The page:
Tuesday, July 24, 2007

Martin Luther King


A Spot of Bother by Mark Haddon had enormous expectations riding on it following the massive success of The Curious Incident of the Dog in the Night Time. At first I found the book rather mundane, rather like the sort of story that would feature in an old-fashioned women’s magazine, and wondered whether I should bother finishing it, but it gathered pace, and the tone became both funnier and darker as Haddon describes how mental illness can creep through lives, never being properly understood or addressed.
In A Spot of Bother, George a retired
middle-aged man married to Jean is beginning to find life worrying. He has developed a real anxiety about dying, and is having intermittent panic attacks. George and Jean have two adult children, neither of whom lives with them. Katie their daughter is a divorcee with a young son and lives with a chap called Ray. Neither George nor Jean like Ray, they don’t think he is good enough for Katie, socially or intellectually. Their son Jamie is an up-and-coming Estate Agent in north London, and is gay – a fact his parents cannot bring themselves to acknowledge. To compound matters, Jean has been having an affair with David, a former colleague of George’s, and is debating leaving George for him.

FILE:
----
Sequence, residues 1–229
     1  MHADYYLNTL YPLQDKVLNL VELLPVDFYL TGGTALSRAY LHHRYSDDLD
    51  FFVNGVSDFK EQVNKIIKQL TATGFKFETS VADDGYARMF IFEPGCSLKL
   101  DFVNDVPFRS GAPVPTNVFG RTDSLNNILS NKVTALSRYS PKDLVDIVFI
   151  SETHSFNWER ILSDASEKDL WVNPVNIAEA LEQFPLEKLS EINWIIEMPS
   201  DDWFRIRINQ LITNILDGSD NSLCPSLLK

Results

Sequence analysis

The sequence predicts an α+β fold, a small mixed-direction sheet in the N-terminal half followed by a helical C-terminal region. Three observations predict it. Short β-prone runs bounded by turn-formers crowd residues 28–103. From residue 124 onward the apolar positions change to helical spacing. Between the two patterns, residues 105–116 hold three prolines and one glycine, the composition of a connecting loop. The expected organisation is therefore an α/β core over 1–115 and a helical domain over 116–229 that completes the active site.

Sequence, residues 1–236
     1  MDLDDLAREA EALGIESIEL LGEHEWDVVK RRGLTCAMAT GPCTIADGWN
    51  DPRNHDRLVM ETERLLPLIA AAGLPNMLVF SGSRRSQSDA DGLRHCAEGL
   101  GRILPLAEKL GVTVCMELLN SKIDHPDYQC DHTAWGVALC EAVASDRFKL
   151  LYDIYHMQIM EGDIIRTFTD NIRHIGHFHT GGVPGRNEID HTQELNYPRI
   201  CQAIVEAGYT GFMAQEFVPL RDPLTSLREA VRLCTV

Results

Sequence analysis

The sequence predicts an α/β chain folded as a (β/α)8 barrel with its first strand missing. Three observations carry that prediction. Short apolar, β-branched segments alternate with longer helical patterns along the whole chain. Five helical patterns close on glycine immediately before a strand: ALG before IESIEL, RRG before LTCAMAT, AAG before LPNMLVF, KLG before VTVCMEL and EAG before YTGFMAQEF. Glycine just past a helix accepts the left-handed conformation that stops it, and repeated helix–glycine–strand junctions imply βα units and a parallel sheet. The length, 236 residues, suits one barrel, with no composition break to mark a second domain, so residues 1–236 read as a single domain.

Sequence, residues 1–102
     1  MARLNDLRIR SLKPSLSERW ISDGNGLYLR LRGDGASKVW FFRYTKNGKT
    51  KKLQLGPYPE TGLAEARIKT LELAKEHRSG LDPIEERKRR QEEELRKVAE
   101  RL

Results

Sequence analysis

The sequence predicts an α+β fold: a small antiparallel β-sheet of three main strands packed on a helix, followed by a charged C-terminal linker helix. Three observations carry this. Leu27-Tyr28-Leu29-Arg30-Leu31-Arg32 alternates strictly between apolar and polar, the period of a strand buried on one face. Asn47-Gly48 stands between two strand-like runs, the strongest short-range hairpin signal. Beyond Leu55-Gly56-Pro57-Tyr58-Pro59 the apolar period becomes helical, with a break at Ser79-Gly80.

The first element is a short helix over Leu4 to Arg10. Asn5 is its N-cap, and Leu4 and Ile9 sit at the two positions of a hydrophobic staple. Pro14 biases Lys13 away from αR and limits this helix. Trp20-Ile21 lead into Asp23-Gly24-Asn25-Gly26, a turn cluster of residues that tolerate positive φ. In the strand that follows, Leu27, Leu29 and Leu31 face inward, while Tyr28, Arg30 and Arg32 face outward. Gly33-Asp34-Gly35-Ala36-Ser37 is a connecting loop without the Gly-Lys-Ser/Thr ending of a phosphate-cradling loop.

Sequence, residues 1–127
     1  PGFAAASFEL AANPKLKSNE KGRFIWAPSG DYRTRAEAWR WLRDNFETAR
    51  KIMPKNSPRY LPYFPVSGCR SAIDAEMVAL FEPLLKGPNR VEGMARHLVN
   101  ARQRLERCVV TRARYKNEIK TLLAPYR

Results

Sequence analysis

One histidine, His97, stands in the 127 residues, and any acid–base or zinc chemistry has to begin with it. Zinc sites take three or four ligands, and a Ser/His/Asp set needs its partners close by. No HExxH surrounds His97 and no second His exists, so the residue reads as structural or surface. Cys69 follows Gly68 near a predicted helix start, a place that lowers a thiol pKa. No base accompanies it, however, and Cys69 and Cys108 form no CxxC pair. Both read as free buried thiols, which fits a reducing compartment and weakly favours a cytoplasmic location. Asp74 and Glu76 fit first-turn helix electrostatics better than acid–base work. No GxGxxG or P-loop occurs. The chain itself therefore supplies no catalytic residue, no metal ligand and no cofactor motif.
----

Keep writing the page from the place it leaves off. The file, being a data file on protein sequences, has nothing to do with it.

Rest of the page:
The story kicks off when Katie and Ray come round with Katie’s son Jacob, and announce that they are getting married. Jean and George, feeling guilty about their dislike of Ray, over compensate by offering to throw a wedding party for them. At the same time, George has discovered a patch of rough red skin on his hip that he becomes convinced is cancer. His GP assures him it is eczema and gives him cream to apply, but George’s anxieties increase. Unwilling to bother any of his friends or family by talking about it and becoming more and more troubled, he takes action, with awful but hilarious consequences. Family rifts, break-ups, reconciliations and wedding hysteria swirl about George as he battles his demons. His bothersome spot has caused a spot of bother and as with the Butterfly theory of chaos, small incidents lead to bigger dramas. Eventually all is untwisted, the wedding takes place, Jamie comes out of the closet, and things return to normal – or do they? George is still suffering from panic attacks, depression and irrational fears. Mental illness doesn’t come to a neat end.